Origin – Ash is native to eastern North America and can be found primarily in hardwood forests from Nova Scotia, west to Minnesota, south to Florida and Eastern Texas.
Color - The sapwood of Ash is a creamy white to light brown color. The heartwood is brown to dark brown in color, sometimes with a nice color variation.
Janka Hardness - 1320 (medium) Similiar to Oak.
Decay and Weather Resistance - The heartwood of Ash is rated as only slightly durable with regard to deacy and is not resistant to insect attack.
Workability - Ash is a heavy wood with an average kiln dried weight of 3.4 lbs. per board foot. It is strong and stiff, and has good shock resistance. The wood of white ash is noted for its excellent bending qualities. It is fairly easy to work with and glues and finishes well.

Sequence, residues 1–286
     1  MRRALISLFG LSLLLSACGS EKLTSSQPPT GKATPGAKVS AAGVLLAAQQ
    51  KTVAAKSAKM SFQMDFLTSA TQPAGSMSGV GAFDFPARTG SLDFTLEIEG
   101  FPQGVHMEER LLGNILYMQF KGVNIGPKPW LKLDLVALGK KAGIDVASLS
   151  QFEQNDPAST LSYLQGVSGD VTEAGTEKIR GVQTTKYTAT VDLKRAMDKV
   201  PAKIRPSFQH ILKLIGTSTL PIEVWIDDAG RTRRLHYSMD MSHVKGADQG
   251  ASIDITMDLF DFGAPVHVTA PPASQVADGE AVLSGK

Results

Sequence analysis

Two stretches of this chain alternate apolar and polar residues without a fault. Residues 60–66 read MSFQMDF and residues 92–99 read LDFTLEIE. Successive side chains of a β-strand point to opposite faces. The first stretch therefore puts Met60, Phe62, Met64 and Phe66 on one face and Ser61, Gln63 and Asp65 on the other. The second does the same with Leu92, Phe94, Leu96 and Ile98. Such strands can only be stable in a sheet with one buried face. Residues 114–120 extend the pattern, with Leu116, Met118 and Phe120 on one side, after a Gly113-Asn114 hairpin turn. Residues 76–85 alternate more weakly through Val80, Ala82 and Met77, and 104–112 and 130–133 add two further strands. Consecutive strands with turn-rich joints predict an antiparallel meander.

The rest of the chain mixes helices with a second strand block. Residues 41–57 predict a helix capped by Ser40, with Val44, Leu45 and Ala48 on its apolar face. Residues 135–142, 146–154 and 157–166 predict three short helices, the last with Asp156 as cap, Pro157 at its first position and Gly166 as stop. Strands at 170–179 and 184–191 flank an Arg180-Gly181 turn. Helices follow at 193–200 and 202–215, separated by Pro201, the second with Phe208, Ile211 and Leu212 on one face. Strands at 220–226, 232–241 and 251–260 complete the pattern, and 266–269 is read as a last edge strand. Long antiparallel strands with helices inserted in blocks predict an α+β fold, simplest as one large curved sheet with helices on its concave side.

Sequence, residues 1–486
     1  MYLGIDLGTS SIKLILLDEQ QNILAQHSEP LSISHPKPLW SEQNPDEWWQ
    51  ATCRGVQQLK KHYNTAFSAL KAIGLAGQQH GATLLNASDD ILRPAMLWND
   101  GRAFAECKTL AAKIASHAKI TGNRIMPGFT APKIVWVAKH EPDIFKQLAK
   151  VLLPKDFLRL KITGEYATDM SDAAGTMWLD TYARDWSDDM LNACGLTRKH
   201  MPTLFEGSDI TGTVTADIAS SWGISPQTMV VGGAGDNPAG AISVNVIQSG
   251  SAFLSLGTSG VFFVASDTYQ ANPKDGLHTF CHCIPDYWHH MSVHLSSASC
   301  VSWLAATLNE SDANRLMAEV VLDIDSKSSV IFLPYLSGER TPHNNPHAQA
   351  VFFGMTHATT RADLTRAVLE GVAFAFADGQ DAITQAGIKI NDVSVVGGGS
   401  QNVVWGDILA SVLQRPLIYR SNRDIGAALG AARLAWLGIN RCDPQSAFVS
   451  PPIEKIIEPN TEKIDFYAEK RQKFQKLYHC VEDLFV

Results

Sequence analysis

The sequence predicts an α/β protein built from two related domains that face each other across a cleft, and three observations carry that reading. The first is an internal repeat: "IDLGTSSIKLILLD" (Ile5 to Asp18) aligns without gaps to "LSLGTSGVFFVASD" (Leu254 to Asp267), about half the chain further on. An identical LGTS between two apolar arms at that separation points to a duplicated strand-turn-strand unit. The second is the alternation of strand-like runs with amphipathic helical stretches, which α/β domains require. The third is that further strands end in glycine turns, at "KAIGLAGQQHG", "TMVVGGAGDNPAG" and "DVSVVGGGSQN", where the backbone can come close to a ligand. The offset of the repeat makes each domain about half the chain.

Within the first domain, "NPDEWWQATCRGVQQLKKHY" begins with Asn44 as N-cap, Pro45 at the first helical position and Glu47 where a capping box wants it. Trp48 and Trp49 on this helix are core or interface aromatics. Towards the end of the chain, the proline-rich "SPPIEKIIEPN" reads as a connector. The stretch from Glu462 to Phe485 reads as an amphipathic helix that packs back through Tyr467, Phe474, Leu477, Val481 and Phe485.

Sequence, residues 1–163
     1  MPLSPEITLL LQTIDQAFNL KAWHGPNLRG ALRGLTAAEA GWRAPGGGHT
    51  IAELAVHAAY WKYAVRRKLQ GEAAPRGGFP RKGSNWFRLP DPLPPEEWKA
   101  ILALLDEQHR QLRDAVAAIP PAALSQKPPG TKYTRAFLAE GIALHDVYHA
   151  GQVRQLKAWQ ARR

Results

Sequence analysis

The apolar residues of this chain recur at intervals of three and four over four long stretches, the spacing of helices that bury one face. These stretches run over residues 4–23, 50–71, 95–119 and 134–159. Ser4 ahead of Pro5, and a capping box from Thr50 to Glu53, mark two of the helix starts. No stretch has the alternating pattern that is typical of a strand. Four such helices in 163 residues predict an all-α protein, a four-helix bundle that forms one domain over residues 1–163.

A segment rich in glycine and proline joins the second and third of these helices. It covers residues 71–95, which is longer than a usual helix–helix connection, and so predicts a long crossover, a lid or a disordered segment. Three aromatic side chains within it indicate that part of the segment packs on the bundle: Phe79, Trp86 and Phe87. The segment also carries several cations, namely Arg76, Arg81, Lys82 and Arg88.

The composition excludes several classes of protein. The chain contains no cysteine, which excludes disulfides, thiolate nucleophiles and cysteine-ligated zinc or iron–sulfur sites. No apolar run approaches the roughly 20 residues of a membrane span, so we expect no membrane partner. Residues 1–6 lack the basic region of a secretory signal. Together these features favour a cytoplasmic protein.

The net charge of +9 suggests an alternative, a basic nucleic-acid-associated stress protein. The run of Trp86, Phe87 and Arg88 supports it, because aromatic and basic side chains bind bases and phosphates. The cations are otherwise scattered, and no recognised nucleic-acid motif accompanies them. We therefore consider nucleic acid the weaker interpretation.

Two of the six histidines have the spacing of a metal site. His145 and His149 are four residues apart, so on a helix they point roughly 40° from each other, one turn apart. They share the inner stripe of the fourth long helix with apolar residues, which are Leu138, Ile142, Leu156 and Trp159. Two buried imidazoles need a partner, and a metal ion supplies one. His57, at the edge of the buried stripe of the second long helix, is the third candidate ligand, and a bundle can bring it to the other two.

Uses – The use of ash that dwarfs all others is its utilization for handles. The wood is also used in the manufacture of furniture, where it is especially valuable for the bent part of chairs. Ash is used almost exclusively for many types of sports and athletic equipment, such as long oars and baseball bats. Ash can also be stained to look like oak and is then often called honey oak
To view available slabs listed in our website inventory. click on a desired thickness listed in the chart to the right. Keep in mind we only have about 1/10th of our inventory listed online, so feel free to reach out to a member of our sales team for more assistance in your search: email@example.com